Topic: How To Invest

What is a time-share investment?

time share investment

In our experience, a time-share investment rarely provides you with any real advantage.

If you visit a vacation resort this winter, you may get invited to a complimentary dinner, cocktail party or other event. In return for the free drinks, food or entertainment, all you’ll have to do is sit through a pitch for an “investment” in a time-share. It may be worthwhile to attend, depending on what else you have to do. But in my experience, a time-share investment rarely provides you with any real advantage.

You might look on a time-share investment as the vacationers’ version of the new stock issue. Some of them seem to work out well for some people, at least for a while. But on the whole, it’s a good idea to stay out of new issues, and an even better idea to stay out of time-shares.

Before locking yourself into any time-share investment, check the Internet for resales of comparable time-shares. You’ll often find they sell way below the initial time-share sales price.


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Even if you find what looks like a great deal on a time-share resale, I see no point in committing yourself to any one resort operator, much less one resort. You won’t be there often enough to develop any rapport with your neighbours or the staff. Management can get sloppy at existing resorts, especially after the time-shares are sold out. For that matter, your interests or tastes may change, or you may be unable to travel for health or other reasons. To top things off, new resorts open up all the time.

You can always resell your time-share—many buyers do. But transaction costs are high and resale prices are likely to be below your cost.

Time-share investments are marketed as something of a cross between a real-estate investment and a hedge against inflation. But, generally speaking, only the land portion of any real-estate investment provides a hedge against inflation. The buildings and equipment are going to depreciate, just like your car, though maybe not as quickly. This depreciation poses a greater risk if you over-pay for the asset to begin with.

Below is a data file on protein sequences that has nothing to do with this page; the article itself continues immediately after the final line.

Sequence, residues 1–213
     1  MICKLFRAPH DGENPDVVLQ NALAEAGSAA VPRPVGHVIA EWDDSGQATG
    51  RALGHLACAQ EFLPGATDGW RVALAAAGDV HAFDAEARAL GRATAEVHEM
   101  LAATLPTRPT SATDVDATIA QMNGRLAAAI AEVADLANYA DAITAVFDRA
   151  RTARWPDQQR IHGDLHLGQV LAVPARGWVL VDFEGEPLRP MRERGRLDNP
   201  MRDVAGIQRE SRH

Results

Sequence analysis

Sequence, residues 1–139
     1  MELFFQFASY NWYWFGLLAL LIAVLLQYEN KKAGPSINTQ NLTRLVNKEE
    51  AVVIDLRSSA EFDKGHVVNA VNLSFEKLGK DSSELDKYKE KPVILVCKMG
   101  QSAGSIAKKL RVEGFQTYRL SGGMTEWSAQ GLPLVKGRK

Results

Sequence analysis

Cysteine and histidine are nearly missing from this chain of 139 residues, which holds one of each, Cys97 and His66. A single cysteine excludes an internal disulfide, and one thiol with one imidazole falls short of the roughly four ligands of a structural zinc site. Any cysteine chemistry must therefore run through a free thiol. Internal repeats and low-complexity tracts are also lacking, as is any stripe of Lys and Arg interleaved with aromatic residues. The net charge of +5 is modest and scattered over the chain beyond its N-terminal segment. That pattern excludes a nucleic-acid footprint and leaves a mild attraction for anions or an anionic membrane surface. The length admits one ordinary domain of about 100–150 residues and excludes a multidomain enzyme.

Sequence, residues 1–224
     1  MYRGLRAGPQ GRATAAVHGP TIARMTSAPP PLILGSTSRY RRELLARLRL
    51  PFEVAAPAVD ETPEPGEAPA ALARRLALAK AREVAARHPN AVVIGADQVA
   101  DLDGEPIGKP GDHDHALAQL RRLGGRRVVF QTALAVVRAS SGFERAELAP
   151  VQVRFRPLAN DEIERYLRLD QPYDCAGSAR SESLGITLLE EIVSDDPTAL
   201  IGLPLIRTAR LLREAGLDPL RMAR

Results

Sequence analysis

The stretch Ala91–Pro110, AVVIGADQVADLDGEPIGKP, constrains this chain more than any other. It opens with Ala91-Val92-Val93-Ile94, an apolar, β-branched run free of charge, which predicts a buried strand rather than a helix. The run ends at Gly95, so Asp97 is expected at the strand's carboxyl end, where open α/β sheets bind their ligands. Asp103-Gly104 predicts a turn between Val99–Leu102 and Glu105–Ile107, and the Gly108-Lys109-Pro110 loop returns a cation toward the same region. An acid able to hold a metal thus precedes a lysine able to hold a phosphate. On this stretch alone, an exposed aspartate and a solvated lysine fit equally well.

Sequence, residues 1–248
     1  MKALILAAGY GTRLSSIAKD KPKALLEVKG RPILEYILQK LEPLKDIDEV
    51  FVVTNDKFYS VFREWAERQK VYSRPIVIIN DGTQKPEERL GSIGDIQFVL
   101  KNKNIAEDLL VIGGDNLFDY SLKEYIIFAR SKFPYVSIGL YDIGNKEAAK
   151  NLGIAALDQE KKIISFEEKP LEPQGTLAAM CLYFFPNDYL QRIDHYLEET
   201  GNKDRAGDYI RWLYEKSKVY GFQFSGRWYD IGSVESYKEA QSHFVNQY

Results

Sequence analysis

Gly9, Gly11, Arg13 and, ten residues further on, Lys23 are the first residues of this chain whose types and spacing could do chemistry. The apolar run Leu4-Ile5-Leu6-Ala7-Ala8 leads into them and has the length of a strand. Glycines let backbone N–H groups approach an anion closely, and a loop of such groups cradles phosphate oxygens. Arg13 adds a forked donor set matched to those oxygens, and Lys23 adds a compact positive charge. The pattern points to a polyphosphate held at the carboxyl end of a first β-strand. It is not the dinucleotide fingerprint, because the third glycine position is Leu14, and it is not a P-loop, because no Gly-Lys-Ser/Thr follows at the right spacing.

If there is any profit to be squeezed out of the land portion of a timeshare property—for instance, by building additional units on the existing land, or adding floors to the existing building—it generally will go to the management of the facility, not to holders of individual time-shares. But construction and expansion may inconvenience time-share holders. It may reduce the value of their shares, or cost them money or value in other ways.

It’s a heads-you-break-even, tails-you-lose situation. Buying a time-share is unlikely to cut your long-term vacation costs, much less produce anything resembling a profit. But you face the risk that the property, the location or the operator will run into problems, and your purchase will turn out to be a colossal disappointment. If so, you’re stuck with it.

You can always rent a week or two at a time in the resort where the time-shares are on sale, or someplace comparable. It’s a big world out there, with lots of resorts to choose from.

Time-share investment promoters know that vacationers may be in a holiday mood that leaves them less skeptical than they would ordinarily be with a major financial outlay. They also know they can afford to put a lot of expense into their sales efforts, because they are in a high-profit business. When you sell a resort property in time-share-sized slices, after all, you multiply its value.